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U.S. has good reasons to stay out of the ICC
To the editor:
In response to the May 9 letter from Jeanne Sharp Wells that criticized the current U.S. opposition to the International Criminal Court, I'd like to point out some serious flaws in the ICC.
First, while it is true that the stated purpose of the International Criminal Court is to "prosecute war crimes, genocide and wars against humanity," the process used by the ICC to achieve this justice would be far different from the judicial process we enjoy as U.S. citizens. In this international court there are no guarantees for such basic protections as trial by jury, presumption of innocence and the right to a speedy trial.
Second, the International Criminal Court claims jurisdiction over individuals of every nation. This means U.S. citizens would be subject to this international system of justice. This is why Congress is so concerned about supporting the ICC without some provision of immunity for U.S. military forces. The idea is that the ICC could prosecute U.S. service members for participating in a war that the ICC interprets as "aggressive."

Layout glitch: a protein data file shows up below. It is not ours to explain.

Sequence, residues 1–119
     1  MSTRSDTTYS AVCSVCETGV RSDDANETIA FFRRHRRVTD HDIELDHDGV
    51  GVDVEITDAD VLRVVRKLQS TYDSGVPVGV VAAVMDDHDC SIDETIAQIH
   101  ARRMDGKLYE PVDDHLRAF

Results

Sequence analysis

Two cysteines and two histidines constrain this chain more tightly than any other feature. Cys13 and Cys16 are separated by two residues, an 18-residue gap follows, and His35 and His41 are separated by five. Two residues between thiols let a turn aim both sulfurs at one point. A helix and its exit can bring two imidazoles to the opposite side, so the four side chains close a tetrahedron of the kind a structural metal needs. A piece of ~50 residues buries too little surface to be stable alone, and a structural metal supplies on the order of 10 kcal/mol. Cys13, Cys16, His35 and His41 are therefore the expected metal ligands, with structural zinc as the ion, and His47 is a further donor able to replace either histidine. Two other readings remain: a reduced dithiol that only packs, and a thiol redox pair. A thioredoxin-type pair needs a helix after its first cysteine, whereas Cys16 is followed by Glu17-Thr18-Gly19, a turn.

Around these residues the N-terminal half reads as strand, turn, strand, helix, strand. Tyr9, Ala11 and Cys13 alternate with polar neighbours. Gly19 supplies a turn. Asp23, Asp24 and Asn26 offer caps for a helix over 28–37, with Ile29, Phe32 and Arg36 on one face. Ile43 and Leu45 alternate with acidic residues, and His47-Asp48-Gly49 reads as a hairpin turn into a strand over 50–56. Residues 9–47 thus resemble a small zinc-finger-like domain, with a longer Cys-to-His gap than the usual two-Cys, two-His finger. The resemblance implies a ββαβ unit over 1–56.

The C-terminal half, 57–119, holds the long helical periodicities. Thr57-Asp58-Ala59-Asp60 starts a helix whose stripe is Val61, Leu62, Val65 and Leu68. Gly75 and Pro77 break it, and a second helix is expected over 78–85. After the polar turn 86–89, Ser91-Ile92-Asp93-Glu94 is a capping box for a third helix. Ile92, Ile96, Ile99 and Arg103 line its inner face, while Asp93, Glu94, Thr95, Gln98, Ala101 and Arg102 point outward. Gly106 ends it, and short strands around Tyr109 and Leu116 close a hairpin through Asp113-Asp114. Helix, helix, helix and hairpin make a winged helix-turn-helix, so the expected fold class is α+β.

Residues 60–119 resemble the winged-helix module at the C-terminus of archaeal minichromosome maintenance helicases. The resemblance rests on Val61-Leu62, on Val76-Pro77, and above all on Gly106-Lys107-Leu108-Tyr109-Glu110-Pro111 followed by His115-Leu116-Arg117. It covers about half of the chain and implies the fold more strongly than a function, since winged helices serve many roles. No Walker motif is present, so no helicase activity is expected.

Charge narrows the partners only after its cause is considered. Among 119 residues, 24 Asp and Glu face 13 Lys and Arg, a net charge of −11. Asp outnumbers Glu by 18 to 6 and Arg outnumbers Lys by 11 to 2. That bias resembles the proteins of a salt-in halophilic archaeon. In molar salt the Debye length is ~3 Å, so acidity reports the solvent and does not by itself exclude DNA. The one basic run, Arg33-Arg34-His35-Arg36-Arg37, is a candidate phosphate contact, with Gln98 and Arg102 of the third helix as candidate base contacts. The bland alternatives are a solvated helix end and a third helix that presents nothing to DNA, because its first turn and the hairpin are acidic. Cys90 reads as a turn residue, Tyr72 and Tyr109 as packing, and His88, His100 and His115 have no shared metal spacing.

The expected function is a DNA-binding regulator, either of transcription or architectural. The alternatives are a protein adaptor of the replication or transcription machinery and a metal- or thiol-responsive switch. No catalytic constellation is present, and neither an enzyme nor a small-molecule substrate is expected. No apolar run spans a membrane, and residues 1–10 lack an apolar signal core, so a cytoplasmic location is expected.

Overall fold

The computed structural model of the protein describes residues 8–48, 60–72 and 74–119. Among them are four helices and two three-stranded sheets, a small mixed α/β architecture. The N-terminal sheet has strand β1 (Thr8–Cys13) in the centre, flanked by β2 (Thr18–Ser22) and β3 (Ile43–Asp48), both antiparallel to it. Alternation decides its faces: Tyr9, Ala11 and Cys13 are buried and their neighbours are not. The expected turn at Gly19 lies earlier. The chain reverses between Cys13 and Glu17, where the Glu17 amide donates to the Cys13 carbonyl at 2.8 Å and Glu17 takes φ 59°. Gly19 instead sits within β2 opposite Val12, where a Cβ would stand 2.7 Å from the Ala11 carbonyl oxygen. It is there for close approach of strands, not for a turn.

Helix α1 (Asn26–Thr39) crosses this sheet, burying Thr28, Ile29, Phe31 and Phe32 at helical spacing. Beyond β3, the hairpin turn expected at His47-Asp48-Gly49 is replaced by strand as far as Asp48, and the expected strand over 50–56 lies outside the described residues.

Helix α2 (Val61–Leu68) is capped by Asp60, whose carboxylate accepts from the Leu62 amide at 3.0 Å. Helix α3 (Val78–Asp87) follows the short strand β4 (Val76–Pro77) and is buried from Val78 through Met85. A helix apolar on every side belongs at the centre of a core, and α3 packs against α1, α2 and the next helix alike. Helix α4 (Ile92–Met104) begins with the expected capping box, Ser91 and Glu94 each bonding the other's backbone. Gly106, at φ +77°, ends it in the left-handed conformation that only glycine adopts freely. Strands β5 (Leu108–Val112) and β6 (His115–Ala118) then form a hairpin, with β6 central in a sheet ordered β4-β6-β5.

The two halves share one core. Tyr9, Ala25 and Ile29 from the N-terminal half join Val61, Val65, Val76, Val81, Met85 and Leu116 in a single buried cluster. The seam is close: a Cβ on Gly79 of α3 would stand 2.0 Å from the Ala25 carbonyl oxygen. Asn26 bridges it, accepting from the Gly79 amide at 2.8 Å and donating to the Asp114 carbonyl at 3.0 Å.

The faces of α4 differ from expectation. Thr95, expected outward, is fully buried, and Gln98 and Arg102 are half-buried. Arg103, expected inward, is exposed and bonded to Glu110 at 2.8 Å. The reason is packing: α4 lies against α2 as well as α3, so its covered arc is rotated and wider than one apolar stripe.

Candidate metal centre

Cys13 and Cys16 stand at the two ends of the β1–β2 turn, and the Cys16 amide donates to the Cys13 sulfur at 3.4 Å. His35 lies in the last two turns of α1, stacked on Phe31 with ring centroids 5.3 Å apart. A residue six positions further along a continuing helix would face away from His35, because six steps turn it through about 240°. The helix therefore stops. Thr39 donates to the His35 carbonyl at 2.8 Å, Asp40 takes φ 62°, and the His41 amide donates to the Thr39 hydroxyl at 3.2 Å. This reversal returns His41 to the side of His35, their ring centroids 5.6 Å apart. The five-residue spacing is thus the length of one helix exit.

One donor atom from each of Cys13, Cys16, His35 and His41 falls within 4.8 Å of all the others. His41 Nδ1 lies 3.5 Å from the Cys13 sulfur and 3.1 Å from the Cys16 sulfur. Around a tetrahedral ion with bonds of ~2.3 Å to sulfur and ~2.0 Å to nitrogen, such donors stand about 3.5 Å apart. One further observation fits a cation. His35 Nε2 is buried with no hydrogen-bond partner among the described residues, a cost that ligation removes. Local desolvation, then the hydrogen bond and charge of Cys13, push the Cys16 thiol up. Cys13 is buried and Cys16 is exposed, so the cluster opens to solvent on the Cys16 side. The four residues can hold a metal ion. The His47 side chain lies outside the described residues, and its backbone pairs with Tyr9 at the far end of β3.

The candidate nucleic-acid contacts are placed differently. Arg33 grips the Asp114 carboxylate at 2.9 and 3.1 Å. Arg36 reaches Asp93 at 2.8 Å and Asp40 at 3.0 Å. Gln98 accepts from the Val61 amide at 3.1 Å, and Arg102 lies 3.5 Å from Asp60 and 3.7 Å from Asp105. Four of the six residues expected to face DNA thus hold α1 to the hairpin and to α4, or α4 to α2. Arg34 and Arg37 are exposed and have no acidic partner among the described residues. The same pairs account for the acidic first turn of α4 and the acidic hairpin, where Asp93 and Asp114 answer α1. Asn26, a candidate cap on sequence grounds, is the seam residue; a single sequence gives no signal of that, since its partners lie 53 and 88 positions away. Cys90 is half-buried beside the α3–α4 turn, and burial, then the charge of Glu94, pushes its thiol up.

Taking this into consideration, I think it is completely understandable that the Bush administration is opposed to the ICC. And far from signaling that "his commitment to universal justice is wavering," I believe that by opposing the ICC treaty President Bush has taken a definite step toward world justice.
JEFFERY J. JOGGERST